At the recent workshop I led in Anacortes, Washington, we started off with some back-to-basics drawing and painting techniques. Participants practiced blind contour and gesture drawings; did short, timed sketches; worked in ink to keep a drawing flow going without erasures; and put a number of concepts together while painting vegetables. Here’s my demo painting, which I went back to later to add tips from the lesson. Isn’t it great that we can learn so much from a carrot?
I probably shouldn’t have mentioned to the farmer that I was selecting carrots for “artistic purposes” when considering the most colorful and interesting bunch at the farmers market. But I thought it might be a compliment. Instead, I got a thinly veiled, perturbed look that suggested she hadn’t toiled all season long for me to paint her carrots. I dug myself in deeper trouble when I asked for advice on prolonging the freshness of the greens. I saw the eyes roll and quickly agreed to paint soon or refrigerate. Alas, I think this bunch was well worth the effort to grow and paint.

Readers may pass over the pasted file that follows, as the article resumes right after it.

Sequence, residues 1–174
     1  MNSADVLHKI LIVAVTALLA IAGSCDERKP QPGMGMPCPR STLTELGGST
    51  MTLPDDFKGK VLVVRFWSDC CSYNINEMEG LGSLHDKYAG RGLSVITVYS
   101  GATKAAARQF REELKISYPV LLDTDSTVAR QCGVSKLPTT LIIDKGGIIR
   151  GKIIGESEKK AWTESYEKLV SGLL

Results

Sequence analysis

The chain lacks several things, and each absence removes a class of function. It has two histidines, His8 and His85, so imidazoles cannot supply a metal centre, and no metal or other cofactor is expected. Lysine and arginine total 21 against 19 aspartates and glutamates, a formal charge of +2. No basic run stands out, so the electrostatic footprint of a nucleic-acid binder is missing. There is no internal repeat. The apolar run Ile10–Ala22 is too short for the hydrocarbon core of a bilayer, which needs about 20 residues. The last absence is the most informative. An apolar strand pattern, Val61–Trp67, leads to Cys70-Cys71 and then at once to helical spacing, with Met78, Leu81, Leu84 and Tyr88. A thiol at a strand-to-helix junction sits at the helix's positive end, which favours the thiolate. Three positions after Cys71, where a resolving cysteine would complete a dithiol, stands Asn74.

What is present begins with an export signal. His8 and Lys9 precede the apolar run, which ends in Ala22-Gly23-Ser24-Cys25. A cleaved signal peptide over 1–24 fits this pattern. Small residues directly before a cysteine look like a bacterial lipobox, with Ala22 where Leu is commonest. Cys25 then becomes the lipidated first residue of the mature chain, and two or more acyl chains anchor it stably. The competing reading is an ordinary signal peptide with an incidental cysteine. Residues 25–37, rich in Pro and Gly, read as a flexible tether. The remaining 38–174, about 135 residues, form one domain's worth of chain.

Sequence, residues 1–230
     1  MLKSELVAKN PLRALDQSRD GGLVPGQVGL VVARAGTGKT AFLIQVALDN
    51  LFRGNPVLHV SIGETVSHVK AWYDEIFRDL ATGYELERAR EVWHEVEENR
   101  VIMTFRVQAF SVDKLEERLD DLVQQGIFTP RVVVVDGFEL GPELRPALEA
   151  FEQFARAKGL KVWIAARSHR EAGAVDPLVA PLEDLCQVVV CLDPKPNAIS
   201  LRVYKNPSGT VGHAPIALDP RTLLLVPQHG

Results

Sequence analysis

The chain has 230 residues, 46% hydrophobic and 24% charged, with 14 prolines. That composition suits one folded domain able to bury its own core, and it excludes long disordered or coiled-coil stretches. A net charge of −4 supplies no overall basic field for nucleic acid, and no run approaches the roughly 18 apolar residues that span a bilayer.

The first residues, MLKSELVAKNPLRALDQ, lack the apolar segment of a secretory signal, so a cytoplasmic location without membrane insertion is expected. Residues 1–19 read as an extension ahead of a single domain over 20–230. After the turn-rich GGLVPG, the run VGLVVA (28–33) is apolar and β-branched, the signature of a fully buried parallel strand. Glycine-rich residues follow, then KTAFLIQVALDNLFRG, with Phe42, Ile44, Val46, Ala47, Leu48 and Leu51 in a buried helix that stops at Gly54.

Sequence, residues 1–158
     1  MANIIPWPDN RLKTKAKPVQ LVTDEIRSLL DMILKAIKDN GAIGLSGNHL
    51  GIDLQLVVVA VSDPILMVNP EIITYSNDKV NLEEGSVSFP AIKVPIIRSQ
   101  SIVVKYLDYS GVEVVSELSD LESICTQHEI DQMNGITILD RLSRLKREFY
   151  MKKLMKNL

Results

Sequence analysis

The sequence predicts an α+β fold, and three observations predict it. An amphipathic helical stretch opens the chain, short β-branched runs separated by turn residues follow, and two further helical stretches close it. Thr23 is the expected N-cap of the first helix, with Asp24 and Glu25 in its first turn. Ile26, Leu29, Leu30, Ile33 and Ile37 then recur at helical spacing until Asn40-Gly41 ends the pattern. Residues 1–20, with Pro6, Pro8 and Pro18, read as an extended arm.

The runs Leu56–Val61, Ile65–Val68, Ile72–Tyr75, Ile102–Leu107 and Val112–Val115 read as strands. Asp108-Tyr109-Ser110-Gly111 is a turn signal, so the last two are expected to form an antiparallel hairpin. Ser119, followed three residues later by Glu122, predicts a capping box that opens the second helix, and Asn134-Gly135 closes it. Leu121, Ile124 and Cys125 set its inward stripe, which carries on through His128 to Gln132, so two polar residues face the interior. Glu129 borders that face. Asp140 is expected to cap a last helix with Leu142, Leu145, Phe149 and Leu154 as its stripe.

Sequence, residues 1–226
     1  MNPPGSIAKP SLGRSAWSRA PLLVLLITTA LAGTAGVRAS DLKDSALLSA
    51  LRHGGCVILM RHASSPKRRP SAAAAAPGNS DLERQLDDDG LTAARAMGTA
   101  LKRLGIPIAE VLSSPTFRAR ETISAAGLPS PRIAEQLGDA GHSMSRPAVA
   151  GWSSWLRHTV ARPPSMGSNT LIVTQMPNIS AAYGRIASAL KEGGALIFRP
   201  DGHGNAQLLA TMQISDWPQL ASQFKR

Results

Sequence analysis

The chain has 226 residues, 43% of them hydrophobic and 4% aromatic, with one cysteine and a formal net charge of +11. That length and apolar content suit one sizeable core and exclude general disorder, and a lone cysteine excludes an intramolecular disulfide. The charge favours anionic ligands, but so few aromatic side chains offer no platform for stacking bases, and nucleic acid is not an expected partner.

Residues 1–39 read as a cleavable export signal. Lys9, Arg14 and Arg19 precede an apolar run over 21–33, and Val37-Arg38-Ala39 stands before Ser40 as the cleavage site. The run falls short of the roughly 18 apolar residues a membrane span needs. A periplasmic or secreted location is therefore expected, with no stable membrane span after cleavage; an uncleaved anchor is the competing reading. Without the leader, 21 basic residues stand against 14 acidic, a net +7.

A note about colorful carrots: Carrots trace their roots to Afghanistan, where cultivation is believed to have begun sometime before the 900s. A diversity of colors was the norm as carrot cultivation spread to Europe and Asia. It wasn’t until the 1500s when the Dutch selectively bred and then popularized the orange carrot. Visit the virtual World Carrot Museum for tons of information, including a gallery of carrots in fine art.